"Just Us" Sunday
April 22, 2005 - 10:32am ET
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The tickets are sold out for the "Justice Sunday" telecast at <!--StartFragment -->Highview Baptist Church in Louisville, Kentucky. But despite all the attention and chatter on fundamentalist Christian message boards, I suspect this attempt to demonize Democrats as anti-Christian will come back to haunt the GOP. Americans may be overwhelmingly Christian, but they also turn their noses up at any whiff of extremism—and will likely see through this allegedly religious event for the naked political manipulation that it is. Happily, Christian groups are falling over each other to distance themselves from "Justice Sunday" and denounce what Jim Wallis is calling the assertion of a "Republican theocracy."
Playing the "faith card" to bolster support for stopping Democrats from using the filibuster—by deploying a tactic known as the nuclear option—just doesn't play in Peoria. Ask Rick Santorum, who is scuttling to the center on the judicial nomination issue after polling showed that voters dislike Frist's advocacy of the nuclear option. So my advice is this: Let's help Frist and the Family Research Council get as much publicity as possible for this event. All the better for exposing the true aims of the "Justice Sunday" organizers: Rallying support for judicial nominees whose appointments <!--StartFragment -->threaten to roll back what the Leadership Conference for Civil Rights describe as "critical rights and protections for Americans, including civil rights and liberties, workplace safety, clean air and safe water, privacy and equality for all Americans."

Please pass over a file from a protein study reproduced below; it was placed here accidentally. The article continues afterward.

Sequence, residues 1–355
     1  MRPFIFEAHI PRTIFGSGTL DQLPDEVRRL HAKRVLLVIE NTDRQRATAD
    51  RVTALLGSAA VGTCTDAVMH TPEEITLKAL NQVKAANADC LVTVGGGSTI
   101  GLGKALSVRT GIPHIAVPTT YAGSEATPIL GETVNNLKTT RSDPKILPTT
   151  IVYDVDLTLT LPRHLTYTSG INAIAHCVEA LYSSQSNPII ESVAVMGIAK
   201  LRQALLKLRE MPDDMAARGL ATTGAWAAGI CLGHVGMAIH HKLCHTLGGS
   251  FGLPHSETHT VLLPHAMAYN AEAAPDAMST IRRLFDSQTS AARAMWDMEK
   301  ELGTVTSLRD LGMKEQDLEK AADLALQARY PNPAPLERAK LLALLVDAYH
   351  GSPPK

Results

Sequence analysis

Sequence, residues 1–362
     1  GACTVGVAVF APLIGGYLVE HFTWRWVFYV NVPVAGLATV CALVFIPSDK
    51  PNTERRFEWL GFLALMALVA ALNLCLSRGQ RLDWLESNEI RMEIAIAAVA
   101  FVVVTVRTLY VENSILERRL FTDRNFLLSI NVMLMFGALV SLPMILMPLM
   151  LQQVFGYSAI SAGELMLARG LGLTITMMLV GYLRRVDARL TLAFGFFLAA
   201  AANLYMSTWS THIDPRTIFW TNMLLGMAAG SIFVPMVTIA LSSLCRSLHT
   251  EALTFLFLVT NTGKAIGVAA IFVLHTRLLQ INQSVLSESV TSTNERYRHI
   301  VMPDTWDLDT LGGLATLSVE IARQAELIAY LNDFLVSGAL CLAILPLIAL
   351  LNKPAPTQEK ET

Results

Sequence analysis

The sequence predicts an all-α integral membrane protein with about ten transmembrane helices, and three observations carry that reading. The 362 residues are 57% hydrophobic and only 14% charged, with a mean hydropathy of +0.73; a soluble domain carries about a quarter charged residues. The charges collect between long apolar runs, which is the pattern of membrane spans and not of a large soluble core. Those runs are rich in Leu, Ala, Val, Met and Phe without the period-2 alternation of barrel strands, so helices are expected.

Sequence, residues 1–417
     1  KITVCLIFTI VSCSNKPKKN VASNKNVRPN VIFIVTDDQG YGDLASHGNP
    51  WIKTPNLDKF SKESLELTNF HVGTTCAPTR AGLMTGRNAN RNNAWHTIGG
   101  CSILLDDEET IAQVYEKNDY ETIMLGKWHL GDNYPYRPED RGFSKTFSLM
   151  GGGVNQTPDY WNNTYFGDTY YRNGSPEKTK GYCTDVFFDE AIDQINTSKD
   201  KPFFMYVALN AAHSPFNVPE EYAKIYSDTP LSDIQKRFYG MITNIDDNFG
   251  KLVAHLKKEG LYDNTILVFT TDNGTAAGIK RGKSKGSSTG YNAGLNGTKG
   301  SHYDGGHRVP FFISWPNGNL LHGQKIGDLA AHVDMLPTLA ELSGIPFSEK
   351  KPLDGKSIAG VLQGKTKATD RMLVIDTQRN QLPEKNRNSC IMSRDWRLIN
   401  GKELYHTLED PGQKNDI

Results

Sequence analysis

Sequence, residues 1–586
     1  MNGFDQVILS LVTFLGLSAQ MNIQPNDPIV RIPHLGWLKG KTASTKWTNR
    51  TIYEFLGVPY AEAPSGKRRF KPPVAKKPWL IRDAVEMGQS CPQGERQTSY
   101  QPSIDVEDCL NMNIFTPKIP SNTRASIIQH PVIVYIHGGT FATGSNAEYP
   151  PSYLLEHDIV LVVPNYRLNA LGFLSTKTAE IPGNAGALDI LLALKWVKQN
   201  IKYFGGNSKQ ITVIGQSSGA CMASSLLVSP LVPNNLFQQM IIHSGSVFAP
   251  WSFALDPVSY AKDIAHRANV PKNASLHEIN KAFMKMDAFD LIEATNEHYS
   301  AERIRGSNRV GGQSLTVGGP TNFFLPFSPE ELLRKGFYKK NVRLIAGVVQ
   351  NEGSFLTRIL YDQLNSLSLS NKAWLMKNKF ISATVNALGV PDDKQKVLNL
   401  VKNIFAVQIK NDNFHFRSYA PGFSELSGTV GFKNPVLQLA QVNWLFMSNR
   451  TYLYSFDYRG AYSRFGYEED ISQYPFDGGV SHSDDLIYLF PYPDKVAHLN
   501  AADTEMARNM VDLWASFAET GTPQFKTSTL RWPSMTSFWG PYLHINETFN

Did you catch that laundry list of issues? "Justice Sunday's" sponsors want to reduce to one issue—abortion—the Democrats' and liberal groups' opposition to a handful of Bush's judicial nominees. See their ad here.
Even moderate NY Times columnist David Brooks is buying into the erroneous notion that Democrats are digging in their heels on these nominees because of abortion. In arguing this week that Roe v. Wade should be overturned, Brooks blamed the heated atmosphere over nominations in the Senate on abortion . I wish protecting Roe had the galvanizing power for Democrats that Brooks and others attribute to it these days. In fact, the reason the Senate Democrats are showing such backbone over these nominees is because of the vast array of advocacy groups concerned with civil rights, the environment, public health, corporate accountability and reproductive rights who have made blocking Bush's nominees priority number one. The danger to decades of laws protecting the health and freedom of Americans is what's at stake here. My guess is that Americans will see "Justice Sunday" as representing "just" people willing to engage in a most profane act—using the banner of religion for political advantage.
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